Despite Bitcoin's recent complications, a group of lawmakers from Australia's center and left-leaning political parties are strongly encouraging the country's Reserve Bank to officially recognize the cryptocurrency and perhaps even create its own cryptocoin. They've created a group called Parliamentary Friends of Blockchain to push this initiative, which they believe will secure the future stability and competitiveness of Australia's financial services industry.

"This will be a revolutionary leap for the Reserve Bank and for Australian financial institutions; what we want to do here in Parliament is to create the political environment to allow that leap," Labor senator Sam Dastyari told The Sydney Morning Herald. Dastyari and Liberal senator Jane Hume are the lawmakers leading the effort.

Blockchain, the technology upon which Bitcoin and other cryptocurrencies are built, is a decentralized digital ledger that is both more transparent and more secure than most traditional financial systems.

As Australian Digital Currency Commerce Association chairman Ronald Tucker explained to The Sydney Morning Herald, a crypto backed by the federal government would eliminate settlement times, as well as foreign currency exchanges. "It would be an auditor's dream because you'll be able to see any transaction that moves on it," he added.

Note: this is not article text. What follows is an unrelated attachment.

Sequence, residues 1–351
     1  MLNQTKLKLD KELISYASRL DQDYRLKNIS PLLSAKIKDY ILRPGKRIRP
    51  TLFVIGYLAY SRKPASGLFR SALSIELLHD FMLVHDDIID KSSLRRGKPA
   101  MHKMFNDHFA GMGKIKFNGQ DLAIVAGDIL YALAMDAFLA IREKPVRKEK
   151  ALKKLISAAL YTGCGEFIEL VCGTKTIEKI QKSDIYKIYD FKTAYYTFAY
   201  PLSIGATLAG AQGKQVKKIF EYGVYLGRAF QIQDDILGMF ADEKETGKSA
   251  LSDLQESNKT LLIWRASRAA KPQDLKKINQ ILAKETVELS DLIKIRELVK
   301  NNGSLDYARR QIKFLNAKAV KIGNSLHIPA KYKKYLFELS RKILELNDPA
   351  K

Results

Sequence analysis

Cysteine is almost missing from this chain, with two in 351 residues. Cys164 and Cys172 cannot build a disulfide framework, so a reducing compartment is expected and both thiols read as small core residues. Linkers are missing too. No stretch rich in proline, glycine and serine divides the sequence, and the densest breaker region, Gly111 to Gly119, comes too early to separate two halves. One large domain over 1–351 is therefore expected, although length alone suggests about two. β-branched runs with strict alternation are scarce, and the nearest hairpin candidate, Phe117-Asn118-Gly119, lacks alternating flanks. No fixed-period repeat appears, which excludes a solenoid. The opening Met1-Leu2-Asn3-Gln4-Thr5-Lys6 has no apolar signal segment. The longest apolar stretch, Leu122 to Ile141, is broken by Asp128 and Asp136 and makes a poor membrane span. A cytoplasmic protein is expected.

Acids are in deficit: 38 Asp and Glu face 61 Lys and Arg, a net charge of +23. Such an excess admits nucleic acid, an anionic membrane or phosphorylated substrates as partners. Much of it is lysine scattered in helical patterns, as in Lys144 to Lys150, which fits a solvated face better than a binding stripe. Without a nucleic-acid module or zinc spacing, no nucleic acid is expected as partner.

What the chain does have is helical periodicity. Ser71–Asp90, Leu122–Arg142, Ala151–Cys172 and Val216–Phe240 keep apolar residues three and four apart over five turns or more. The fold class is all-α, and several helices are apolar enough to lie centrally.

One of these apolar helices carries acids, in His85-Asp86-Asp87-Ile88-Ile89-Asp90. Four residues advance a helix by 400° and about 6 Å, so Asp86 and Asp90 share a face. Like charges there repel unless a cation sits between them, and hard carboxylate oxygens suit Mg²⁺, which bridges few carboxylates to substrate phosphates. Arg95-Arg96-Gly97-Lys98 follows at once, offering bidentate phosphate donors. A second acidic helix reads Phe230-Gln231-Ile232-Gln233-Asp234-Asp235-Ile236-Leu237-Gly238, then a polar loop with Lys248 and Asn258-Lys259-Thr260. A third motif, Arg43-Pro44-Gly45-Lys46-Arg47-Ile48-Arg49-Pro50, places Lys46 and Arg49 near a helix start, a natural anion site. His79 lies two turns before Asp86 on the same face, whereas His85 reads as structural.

It's no surprise, therefore, that a number of nations are adopting this new system of currency. China is the first country to test a national cryptocurrency, and it has plans in the works to release its own version of Bitcoin. Meanwhile, more than 260,000 stores in Japan have begun accepting Bitcoin payments, with three of the nation's largest banks backing a Bitcoin exchange.

Australia is already showing signs that it hopes to get in on the trend while it's still emerging, and the Parliamentary Friends of Blockchain group should help push things along.

Disclosure: Several members of the Futurism team, including the editors of this piece, are personal investors in a number of cryptocurrency markets. Their personal investment perspectives have no impact on editorial content.

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